Moms, Make Time for Your Friends
Melissa Leddy

The coffee-shop line stretched from the counter (“Order here!”) to the front door, but I didn’t mind waiting. It was a Friday morning; I was meeting my friend. We hadn’t seen each other in a few months, and I was excited to catch up.

It was rare that I had a few minutes to simply wait and breathe.

Usually, my minutes overflow with activity. Taking care of my two young daughters. Working on freelance writing projects. Making dinner while the girls yell from the family room that they need water, bunny crackers, and, oh, permanent markers to play with, too, just as my husband texts to say that he’ll be home late again.

I had missed Michelle, but I had hesitated in reaching out to her to set up this coffee date. These two hours on this Friday morning—I could be working while the babysitter played with the girls at home. I hardly ever make time for my friends.

In that moment, I breathed. I breathed in the scent of the brewing coffee—rich and comforting. I breathed in the aroma of freshly baked muffins—I would get one and top it with butter. For the first time in a while, I savored the moment to simply breathe.

Michelle arrived. We hugged, we “Ordered here!” and then we found a spot to sit and chat.

When you talk with someone, the first thing most people say is, “How are you? How are you doing?”

Indeed, Michelle asked me the universal question, genuine caring in her voice: “How are you doing, girl?”

Nobody had asked me that, with such compassion, in…well, a long time. I took another breath.

Thought about it. Then I told my friend the truth: “I’ve been feeling pretty down.”

The words began tumbling out. I explained that all my overflowing minutes were becoming less and less manageable. I also shared how much I missed seeing my own mom — who lived 1,500 miles away — on a regular basis.

When you become a mom, you can yearn for your own mom in a way you never did before. This  is how I felt, and it seemed childish, as a 33-year-old woman, to share with Michelle, “I miss my mom.” Childish, but refreshing.

Michelle nodded. She understood. She had lost her own mom recently, so perhaps she understood more than I knew.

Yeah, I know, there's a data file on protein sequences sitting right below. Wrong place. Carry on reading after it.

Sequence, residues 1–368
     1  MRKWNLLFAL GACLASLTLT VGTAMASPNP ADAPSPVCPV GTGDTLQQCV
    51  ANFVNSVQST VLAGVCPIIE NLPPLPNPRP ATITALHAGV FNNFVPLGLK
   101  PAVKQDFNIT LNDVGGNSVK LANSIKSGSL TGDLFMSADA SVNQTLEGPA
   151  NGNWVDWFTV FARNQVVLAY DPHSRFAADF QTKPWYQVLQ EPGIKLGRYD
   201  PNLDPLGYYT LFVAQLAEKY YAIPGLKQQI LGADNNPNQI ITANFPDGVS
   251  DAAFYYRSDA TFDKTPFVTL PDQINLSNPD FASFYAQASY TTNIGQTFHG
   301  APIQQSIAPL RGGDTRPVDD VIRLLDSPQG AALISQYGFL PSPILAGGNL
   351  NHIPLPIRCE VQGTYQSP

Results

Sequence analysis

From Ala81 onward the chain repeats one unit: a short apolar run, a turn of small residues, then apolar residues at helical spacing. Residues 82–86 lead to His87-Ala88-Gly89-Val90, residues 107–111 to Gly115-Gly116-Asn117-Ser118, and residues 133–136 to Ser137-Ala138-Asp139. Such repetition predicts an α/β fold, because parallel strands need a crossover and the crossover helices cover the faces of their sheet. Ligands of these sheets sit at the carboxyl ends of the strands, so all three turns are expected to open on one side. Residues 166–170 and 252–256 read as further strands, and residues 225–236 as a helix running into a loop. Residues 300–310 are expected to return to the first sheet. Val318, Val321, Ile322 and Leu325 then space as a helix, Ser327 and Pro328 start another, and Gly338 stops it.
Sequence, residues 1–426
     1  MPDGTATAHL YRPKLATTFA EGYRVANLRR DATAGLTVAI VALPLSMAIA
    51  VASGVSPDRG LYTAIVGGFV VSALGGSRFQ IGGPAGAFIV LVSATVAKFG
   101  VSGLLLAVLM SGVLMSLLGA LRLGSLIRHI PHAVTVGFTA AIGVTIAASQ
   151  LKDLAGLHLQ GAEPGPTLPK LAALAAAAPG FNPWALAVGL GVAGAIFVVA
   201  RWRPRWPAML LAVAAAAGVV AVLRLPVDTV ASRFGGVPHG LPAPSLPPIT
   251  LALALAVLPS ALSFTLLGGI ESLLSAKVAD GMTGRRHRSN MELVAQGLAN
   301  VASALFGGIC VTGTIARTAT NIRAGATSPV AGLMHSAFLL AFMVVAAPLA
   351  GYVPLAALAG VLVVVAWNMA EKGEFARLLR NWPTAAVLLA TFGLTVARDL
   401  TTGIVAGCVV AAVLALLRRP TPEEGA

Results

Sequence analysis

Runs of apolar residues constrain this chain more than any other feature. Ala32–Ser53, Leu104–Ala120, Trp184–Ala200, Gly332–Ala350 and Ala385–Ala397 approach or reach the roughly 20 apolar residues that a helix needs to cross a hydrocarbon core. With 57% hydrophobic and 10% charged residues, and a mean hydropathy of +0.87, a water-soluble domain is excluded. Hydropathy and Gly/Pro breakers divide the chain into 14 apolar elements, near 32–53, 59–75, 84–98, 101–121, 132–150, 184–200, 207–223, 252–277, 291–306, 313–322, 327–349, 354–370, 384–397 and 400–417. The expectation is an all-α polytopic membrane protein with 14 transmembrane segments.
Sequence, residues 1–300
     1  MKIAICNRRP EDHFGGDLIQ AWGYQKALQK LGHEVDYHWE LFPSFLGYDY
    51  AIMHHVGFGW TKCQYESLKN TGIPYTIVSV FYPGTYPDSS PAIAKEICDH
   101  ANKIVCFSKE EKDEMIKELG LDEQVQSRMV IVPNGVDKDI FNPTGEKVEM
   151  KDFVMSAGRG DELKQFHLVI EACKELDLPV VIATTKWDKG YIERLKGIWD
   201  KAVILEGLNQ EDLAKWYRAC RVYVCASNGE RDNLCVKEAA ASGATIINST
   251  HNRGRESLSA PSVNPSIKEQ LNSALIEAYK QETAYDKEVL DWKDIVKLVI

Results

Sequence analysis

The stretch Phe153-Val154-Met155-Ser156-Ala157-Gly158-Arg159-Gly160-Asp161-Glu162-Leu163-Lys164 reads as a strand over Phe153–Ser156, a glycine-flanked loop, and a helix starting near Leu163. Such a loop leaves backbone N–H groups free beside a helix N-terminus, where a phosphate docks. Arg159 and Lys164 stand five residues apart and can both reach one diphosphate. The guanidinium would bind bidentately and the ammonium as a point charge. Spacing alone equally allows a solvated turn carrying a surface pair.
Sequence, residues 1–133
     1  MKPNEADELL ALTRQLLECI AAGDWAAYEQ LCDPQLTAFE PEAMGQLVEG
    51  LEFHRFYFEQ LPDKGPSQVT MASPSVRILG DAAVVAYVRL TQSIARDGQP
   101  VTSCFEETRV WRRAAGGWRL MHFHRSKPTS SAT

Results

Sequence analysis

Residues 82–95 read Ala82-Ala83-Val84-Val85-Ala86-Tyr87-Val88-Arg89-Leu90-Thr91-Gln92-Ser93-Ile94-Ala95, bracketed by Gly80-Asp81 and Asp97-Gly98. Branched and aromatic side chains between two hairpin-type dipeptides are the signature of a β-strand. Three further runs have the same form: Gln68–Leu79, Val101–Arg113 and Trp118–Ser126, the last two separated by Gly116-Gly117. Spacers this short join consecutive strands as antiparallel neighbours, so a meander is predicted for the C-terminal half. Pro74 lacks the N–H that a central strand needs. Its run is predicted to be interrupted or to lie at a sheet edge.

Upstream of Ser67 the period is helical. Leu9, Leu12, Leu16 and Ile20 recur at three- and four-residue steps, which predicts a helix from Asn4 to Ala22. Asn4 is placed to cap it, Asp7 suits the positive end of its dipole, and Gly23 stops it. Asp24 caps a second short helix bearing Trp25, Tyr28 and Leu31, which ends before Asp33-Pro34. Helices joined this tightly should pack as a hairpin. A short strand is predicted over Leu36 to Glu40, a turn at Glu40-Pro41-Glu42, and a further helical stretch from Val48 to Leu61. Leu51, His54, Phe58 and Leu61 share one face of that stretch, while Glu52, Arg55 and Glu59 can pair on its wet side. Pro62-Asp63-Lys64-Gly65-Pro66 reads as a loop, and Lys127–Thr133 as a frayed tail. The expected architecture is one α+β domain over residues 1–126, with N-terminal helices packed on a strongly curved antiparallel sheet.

Our two hours passed quickly, as time tends to do when you’re catching up with a friend.

Michelle encouraged me to hang in there. We hugged good-bye and promised to talk again soon.

As moms, we often put ourselves last. Sometimes we don’t put ourselves on our to-do lists at all. I usually don’t.

Leaving the coffee shop that morning, though, I sensed a jolt of renewed energy. (I promise it wasn’t just the caffeine.)

Ultimately, my friendship with Michelle lifted me up from the low I’d found myself in.

Moms need friends and thrive on friendship just as children do. It seems easier, somehow, to set up a kids’ play date at the neighborhood park rather than a coffee date for just the moms. What a disservice we do to ourselves, though, when we neglect the uplifting solidarity we have in our friends.

Conversation, commiseration, and compassion between friends, especially once we become moms, is vital for our health. All these things keep us strong and keep us going. Making time for a friend is more than a break from the daily grind—it’s an investment in our health, ourselves, our families, and our communities.

A.A. Milne, the author who created Winnie-the-Pooh, once wrote, “It is more fun to talk with someone who doesn’t use long, difficult words but rather short, easy words like, ‘What about lunch?’”

We can count on our friends to use the short, easy words.

How are you doing?

I’ve been feeling pretty down.

Hang in there. Let’s talk again soon.

Moms, I encourage you to put “time with a friend” on your to-do list today. Then do it. Talk with your friends, particularly when you’re feeling down.

What about lunch next time?

Yes.


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Moms need friends and thrive on friendship just as children do. Moms, make time for your friends!


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This post was written by Melissa Leddy exclusively for BonBon Break Media LLC.

Melissa Leddy has been writing professionally for more than 10 years. She grew up near Scranton, Pa., home of Michael Scott and “The Office.” At age 9, she won her very first writing award in her childhood library’s annual short story contest. Today, she lives, writes and drinks too much coffee in San Antonio. She works to integrate tips and inspirations for everyday living in all her writing. You can find her new short fiction e-book "This Is Just a Story" on Amazon.com.